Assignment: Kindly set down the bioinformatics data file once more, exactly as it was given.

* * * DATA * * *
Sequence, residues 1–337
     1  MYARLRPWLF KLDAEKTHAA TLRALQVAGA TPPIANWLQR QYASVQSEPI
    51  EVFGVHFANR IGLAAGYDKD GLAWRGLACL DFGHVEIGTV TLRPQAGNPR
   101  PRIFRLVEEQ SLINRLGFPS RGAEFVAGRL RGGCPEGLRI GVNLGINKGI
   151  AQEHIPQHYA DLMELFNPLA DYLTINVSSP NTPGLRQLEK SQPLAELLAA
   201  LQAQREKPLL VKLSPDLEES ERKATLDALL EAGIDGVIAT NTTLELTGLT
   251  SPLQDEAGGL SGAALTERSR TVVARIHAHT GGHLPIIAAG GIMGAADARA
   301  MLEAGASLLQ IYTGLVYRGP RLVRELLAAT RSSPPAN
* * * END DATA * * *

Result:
Sequence, residues 1–337
     1  MYARLRPWLF KLDAEKTHAA TLRALQVAGA TPPIANWLQR QYASVQSEPI
    51  EVFGVHFANR IGLAAGYDKD GLAWRGLACL DFGHVEIGTV TLRPQAGNPR
   101  PRIFRLVEEQ SLINRLGFPS RGAEFVAGRL RGGCPEGLRI GVNLGINKGI
   151  AQEHIPQHYA DLMELFNPLA DYLTINVSSP NTPGLRQLEK SQPLAELLAA
   201  LQAQREKPLL VKLSPDLEES ERKATLDALL EAGIDGVIAT NTTLELTGLT
   251  SPLQDEAGGL SGAALTERSR TVVARIHAHT GGHLPIIAAG GIMGAADARA
   301  MLEAGASLLQ IYTGLVYRGP RLVRELLAAT RSSPPAN